And while some organisations have leapt to radical change, others remain resistant. After all, the need to protect, perfect and control is deeply embedded in the leadership frameworks that have turned out generations of corporate rising stars.

Peta believes the mindset shift is significant: “This is a change from I can, I know, I do, I predict to I sense, I feel, I’m not sure.”  Not all leaders will be able to make the transition, but those that do, will surely fare better in the renewed War for Talent.

Nearly five years ago, a meme went viral: Professor Robert Kelly, forever immortalised as ‘BBC Dad’, was interrupted by his kids during a live broadcast interview.

At the time, the situation seemed wholly unique but today, we are all BBC Dad.

As carefully curated work-personas crumbled, we finally began to interact on a more human, more vulnerable level.

Over lockdown Zoom calls, we saw the lives of our leaders, and each other, in all their messy glory. We witnessed leaders unsure over what to do next; we watched business plans unravel overnight; and we met kids, partners and pets. As our carefully curated work-personas crumbled, we finally began to interact on a more human, more vulnerable level.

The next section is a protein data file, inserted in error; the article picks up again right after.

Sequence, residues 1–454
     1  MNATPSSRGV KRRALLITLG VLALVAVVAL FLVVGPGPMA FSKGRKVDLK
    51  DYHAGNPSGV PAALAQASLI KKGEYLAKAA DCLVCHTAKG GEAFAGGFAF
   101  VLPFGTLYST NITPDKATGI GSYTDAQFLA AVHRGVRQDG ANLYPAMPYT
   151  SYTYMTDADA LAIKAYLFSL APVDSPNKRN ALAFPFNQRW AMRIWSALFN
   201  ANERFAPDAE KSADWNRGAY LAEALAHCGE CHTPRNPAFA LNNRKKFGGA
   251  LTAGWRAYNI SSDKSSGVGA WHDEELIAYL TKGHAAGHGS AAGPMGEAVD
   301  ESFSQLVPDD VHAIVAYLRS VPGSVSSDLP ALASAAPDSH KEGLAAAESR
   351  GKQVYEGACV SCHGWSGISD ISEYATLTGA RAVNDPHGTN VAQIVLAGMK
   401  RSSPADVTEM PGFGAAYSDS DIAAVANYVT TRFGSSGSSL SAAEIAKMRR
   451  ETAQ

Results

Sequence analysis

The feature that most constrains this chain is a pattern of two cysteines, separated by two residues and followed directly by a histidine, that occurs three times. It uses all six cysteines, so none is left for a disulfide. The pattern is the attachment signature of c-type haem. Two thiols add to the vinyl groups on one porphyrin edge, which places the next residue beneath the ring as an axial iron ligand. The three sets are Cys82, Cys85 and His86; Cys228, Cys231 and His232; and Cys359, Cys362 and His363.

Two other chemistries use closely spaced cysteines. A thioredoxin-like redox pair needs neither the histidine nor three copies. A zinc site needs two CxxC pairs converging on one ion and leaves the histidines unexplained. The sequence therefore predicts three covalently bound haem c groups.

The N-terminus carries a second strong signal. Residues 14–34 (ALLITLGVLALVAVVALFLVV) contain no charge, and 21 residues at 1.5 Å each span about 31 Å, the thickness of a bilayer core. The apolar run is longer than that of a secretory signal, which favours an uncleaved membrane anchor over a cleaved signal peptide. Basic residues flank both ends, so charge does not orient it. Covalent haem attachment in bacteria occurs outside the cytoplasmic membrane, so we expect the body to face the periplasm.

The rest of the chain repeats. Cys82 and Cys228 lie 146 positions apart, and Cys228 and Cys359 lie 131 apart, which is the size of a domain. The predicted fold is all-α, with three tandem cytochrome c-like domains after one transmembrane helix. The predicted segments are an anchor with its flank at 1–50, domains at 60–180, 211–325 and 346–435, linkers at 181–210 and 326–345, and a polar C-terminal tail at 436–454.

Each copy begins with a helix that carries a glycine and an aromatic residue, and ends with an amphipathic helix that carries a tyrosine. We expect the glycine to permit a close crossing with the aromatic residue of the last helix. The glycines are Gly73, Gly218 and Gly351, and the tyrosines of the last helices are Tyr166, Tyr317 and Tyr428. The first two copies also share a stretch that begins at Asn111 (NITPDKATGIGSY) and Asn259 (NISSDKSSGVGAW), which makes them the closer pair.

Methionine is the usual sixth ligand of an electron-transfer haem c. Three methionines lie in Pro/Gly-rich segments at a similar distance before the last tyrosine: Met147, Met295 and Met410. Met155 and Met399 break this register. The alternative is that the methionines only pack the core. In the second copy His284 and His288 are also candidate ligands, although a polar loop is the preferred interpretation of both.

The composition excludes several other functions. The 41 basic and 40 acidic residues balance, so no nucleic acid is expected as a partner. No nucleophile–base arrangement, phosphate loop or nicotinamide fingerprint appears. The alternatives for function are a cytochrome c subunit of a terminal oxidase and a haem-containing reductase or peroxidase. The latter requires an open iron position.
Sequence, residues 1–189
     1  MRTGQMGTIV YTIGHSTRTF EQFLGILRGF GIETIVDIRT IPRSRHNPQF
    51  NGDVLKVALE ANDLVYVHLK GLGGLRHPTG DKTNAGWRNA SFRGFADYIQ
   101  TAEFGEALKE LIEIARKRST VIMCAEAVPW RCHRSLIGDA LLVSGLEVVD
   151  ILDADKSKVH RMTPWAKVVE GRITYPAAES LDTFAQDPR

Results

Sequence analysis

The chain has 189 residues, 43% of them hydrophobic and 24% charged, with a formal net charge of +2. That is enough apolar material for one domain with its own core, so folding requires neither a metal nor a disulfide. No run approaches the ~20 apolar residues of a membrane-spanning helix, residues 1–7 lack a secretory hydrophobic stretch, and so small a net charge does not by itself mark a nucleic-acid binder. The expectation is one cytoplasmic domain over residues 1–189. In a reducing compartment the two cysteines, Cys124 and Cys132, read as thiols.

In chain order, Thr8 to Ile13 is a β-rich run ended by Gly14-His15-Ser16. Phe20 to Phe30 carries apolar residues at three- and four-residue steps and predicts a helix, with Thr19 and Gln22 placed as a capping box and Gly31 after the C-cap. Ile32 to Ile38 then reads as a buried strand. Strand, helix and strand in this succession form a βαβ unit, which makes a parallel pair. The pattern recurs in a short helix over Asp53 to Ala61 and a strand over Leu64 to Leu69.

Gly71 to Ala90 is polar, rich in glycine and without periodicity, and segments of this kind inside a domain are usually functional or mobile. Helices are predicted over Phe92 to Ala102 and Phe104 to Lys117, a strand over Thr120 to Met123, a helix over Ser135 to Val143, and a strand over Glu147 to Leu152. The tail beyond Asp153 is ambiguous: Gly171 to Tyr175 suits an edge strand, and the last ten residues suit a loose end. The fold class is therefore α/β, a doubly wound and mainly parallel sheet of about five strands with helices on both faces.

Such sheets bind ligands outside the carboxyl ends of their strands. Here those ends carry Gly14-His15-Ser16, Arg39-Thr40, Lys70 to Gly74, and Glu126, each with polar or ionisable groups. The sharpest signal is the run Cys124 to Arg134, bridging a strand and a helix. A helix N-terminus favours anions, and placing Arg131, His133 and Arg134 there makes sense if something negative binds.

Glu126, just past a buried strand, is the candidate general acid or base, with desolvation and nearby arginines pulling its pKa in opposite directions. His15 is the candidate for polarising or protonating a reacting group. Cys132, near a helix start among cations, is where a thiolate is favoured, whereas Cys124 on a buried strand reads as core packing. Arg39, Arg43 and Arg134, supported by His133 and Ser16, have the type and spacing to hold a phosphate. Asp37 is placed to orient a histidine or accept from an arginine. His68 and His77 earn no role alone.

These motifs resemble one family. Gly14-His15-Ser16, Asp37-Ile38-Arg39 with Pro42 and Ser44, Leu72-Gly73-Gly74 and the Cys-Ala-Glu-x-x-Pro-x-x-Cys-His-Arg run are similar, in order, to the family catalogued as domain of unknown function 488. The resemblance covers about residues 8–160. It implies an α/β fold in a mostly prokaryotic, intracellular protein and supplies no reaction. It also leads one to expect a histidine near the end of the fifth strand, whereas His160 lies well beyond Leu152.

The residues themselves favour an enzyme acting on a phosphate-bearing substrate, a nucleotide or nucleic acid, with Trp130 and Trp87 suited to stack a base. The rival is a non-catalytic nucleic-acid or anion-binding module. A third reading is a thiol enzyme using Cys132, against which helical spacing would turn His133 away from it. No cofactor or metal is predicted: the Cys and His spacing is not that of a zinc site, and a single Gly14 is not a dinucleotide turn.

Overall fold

Signal of Change 3 – Ask better questions

Then: They looked to us for knowledge.  

Now: They encounter experiences and create meaning.        

As decades-old HR frameworks collapse, People & Culture teams are being pushed to rethink everything from team structures, leadership & development programs, recruitment frameworks, promotion pathways and succession plans.

To develop more responsive and collaborative people, Peta believes we’ll need upskill our people in questioning techniques, deep listening, pattern making and experimentation.

This requires People & Culture teams to work closely with the business to identify specific knowledge, capability and experiences missing in the organisation, and proactively source talent to address those gaps – or develop it internally.